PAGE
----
Cross-Curricular Maths

After the Tessellation and Islamic Art maths lecture with Tara, I thought I would reach to the blog again.

Before starting this lecture, I thought shape in general for maths was quite boring. There was nothing interesting or mesmerising about shape when I was learning about it in primary school. However, tessellation was taking shape and doing something completely different.

Tessellation dIMG_6575oes not only involve shape but angles as well. I never realised that only shapes that when the points touch the external angles make 360 degrees would tile. For example four square edges would join together, each square internal angle is 90 degrees so four touching square angles equal 360 degree and they fit together perfectly therefore they have the ability to tile/tessellate. This also works for triangles (shown to the left), hexagons (shown below) and any quadrilateral shapes. However, it does not work for octagons and pentagons.

This is mathematics that is used by any tiler probably subconsciously. If I ever need to tile a room, I now know which shapes to use and which shapes to avoid! Although I do doubt if I will ever been tiling anything…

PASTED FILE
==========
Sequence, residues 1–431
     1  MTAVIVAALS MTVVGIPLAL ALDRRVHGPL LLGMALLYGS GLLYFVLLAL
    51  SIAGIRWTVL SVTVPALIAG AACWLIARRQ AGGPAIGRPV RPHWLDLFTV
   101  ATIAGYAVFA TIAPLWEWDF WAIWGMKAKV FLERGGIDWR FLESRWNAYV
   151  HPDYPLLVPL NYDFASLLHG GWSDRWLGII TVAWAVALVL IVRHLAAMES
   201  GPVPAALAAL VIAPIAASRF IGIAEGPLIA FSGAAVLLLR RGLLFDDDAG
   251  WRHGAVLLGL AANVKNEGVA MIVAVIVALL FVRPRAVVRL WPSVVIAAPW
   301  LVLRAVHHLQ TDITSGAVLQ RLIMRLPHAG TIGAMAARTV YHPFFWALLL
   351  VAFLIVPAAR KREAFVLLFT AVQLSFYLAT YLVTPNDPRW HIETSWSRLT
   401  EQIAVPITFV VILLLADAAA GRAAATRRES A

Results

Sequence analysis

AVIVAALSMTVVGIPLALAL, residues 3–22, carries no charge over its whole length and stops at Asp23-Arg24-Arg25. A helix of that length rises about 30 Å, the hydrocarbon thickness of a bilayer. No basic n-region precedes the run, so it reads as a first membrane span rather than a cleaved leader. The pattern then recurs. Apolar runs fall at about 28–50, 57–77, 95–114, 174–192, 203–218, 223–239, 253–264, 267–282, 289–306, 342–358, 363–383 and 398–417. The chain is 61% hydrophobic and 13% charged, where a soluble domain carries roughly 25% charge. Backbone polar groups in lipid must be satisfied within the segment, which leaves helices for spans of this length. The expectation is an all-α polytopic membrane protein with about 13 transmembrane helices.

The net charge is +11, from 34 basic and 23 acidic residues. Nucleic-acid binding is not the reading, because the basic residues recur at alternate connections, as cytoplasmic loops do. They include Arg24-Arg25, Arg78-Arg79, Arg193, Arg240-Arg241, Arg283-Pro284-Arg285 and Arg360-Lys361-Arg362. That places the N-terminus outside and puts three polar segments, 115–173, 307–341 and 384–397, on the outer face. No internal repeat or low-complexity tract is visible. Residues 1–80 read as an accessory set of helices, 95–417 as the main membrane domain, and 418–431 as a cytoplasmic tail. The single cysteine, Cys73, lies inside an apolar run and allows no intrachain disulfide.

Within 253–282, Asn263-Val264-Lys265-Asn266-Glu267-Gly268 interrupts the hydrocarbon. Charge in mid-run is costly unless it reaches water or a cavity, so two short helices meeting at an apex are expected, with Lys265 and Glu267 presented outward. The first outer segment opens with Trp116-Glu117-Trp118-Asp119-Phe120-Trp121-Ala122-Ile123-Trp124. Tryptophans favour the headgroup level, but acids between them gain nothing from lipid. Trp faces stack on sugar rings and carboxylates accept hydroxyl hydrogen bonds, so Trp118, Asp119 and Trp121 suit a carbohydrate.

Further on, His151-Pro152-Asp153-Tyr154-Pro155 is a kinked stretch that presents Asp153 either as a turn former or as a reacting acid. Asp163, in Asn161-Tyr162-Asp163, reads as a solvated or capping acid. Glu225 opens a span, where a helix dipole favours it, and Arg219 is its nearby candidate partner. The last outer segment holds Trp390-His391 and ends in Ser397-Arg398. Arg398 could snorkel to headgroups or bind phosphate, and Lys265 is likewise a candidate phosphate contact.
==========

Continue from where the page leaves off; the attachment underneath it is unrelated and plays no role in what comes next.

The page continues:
Using shape to make Islamic Art was fascinating. I have never thought of usiIMG_6586ng shape to create art before in this way and it will definitely be a cross curricular activity I use when I go back into the class room. The nipple and paste idea to create new picture of tessellation is also another maths and art activity I will definitely consider using within the classroom.

This is the kind of art that inspire myself to get the children involved in rather than just another drawing or painting, it is something different for maths, art and religion that I would hope I engage children in all curriculum areas.

These are a few more examples of a shape that tessellate and a shape that doesn’t tessellate.IMG_6576IMG_6579

 

 

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